Altium Designer for PCB design (written in 15 million lines of Delphi code ?! =D)

Just came across this product:

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A piece of software written in Delphi with 15 million lines of code ! =D

Finally something usefull for you electronics designers ! =D

(Any of you already using this ?)

Bye, Skybuck =D

Reply to
skybuck2000
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The local job ads for electronic engineers routinely ask for Altium experience.

The firm was Australian, and is now based in San Diego in the US and the product was originally called Protel. It's been around for about 35 years now.

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I'm not using it because it costs money, and KiCad doesn't.

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Bill Sloman, Sydney
Reply to
bill.sloman

Altium is megabucks.... I've used Protel 3.2 for years and years.Could never justify Altium as all my work is small D/S stuff. Plus my massive libraries....

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Reply to
TTman

Am 15.06.2018 um 11:58 schrieb TTman:

I have some Altium libraries that started life in Protel. Just don't rename them to .SchLib .

regards, Gerhard

Reply to
Gerhard Hoffmann

I use their older product, Protel 99 SE, which does just about everything that I need. Also written in Delphi (which is a descendant of Pascal).

I've been using it for about 18 years.

A LOT of people are using Altium Designer, now. It is about a $9000 per seat product, but if you beg, they often give discounts. The big plus is that it is very fast to use, lots of things are two key strokes. It has schematic entry, PCB design, simulation and also FPGA design. I don't use their FPGA features.

Jon

Reply to
Jon Elson

afaikt no one ever used they FPGA features

Reply to
Lasse Langwadt Christensen

Yes, your company history is right, but the new product is not a true descendant of the old Protel.

Protel's original Autotrax software was marketed in the US by Accel under the Tango Schematic and Tango PCB name. Then, there was a falling out, and Accel wrote their own package in Delphi. It was a completely hideous mess. But, they struggled onward, and finally fixed some of the problems. Then, Accel bought out Protel and renamed themselves Altium. Their new Tango package morphed into Protel 95, which was a completely unusable wreck. Protel 98 was showing progress, but still had tons of issues. Protel 99 was vastly better, proved they were working on the right things, and finally came out with Protel 99 SE, and then 6 service packs to fix bugs.

I was one of the people who contributed lists of fixes and enhancements back in the early Accel Tango days, and they did implement all of the easy ones, and most of the harder ones.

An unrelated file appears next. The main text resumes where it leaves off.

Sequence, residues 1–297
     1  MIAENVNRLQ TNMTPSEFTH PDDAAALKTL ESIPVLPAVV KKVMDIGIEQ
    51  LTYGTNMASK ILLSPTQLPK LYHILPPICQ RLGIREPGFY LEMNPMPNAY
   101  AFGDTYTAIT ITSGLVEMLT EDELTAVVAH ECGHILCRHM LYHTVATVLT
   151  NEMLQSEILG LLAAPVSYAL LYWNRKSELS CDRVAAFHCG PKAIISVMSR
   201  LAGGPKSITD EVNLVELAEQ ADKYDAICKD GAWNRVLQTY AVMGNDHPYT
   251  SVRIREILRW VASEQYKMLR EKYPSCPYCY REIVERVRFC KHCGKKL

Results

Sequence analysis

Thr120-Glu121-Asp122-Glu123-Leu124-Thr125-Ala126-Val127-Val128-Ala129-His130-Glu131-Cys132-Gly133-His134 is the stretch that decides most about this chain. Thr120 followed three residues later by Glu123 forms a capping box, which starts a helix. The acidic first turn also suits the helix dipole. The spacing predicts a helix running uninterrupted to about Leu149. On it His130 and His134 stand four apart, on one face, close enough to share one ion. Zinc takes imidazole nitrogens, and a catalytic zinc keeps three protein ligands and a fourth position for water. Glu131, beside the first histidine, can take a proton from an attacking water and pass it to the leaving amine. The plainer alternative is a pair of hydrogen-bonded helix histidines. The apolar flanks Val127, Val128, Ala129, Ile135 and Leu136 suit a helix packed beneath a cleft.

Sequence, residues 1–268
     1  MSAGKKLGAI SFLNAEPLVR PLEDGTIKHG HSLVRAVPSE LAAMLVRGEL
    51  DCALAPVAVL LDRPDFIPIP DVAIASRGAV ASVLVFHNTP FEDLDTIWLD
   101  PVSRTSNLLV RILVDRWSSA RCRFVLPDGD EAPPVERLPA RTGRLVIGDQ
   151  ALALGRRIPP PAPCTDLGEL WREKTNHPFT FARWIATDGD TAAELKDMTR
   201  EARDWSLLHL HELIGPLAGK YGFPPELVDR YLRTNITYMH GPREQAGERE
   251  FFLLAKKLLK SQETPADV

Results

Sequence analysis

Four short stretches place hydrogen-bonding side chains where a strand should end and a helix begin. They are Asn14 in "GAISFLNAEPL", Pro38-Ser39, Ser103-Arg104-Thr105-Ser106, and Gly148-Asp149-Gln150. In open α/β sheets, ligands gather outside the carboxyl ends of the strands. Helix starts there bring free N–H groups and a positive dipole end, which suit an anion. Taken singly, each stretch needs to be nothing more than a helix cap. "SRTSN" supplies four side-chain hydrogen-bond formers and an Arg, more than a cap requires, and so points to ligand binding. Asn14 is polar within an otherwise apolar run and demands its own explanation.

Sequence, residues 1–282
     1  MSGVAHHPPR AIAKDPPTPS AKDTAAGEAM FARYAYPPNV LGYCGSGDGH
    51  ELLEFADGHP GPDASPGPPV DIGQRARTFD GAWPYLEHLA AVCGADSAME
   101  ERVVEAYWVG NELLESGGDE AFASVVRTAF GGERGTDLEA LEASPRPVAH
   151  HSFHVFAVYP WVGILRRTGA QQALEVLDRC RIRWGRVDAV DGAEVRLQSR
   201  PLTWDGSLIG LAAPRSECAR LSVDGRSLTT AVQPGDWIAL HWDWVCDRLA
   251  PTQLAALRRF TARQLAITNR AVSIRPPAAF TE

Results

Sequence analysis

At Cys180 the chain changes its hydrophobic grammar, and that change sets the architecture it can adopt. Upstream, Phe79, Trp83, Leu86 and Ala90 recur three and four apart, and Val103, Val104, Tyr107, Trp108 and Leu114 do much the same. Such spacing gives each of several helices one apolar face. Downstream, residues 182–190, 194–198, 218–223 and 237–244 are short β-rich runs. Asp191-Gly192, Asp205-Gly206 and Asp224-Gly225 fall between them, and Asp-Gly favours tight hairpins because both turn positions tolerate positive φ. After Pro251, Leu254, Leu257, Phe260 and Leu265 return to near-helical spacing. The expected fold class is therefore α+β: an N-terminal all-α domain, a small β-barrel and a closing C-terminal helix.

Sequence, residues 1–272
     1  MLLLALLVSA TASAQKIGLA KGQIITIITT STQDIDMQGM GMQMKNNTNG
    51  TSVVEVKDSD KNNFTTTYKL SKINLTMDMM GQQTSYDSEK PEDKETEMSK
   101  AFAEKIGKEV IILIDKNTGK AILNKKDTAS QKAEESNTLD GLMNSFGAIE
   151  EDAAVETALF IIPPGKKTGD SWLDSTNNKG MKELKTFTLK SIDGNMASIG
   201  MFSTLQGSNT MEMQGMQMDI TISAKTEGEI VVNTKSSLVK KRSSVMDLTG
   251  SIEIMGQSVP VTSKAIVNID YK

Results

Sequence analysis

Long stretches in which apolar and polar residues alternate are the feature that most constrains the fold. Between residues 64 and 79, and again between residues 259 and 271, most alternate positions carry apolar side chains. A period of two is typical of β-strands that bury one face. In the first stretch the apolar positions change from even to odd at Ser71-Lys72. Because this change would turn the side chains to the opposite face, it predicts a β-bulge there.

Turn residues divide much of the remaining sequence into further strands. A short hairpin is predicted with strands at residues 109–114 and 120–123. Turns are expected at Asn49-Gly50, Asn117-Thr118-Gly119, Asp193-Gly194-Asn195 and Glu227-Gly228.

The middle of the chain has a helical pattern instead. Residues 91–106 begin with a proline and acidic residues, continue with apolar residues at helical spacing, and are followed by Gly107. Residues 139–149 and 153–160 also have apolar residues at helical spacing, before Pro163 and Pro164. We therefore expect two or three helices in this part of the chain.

Protel Pty Ltd of Australia produced some of the most bug-free software I'd ever used. Accel's first versions were so laughably bad in comparison it would make your head spin. At one point I had totally given up hope that the Accel version of Tango would ever be usable, and refused to pay them one nickel more, but they kept sending demo disks of the next versions. So, we sat out several updates to Protel 95 and 98, and kept on using the old stuff. Finally with Protel 99 we felt it was going to again make boards without lost work, so we paid for the upgrade. Protel 99 SE with SP6 installed is quite reliable. I really have to trust really complicated stuff like design rule checks on 6-layer boards with a thousand or more vias and through holes. Never had it fail to detect a real issue on the inner layers.

Jon

Jon

Reply to
Jon Elson

And finally dropped in version 17 or 18 IIRC.

I also never used, or checked...

I've seen it sell for as low as $5000, and they sometimes offer discounts for existing users -- even for historic versions like Protel!

If you're making more than one or two large designs per year, the added features since, say, AD12 or so, will be well worth it.

If you're mostly making small designs, you won't have much value in it, no.

FYI, AD seamlessly imports Eagle files. And they have a "lite" version called Circuit Studio, and by "lite" I mean free*. As far as I'm concerned, your choice is between that, and KiCAD (which is, of course, free-as-in-beer).

*With restrictions, obviously. But much better than Eagle's.

Tim

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Seven Transistor Labs, LLC 
Electrical Engineering Consultation and Contract Design 
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Reply to
Tim Williams

I was a PCAD user up to 12 years ago, but then added Altium Designer licenses. A PCB layout is the path to productivity for an electronics design, and using an efficient layout tool is critical for productivity and good results. I've laid out several hundred PCBs over the years, and now only use and recommend Altium.

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Reply to
Winfield Hill

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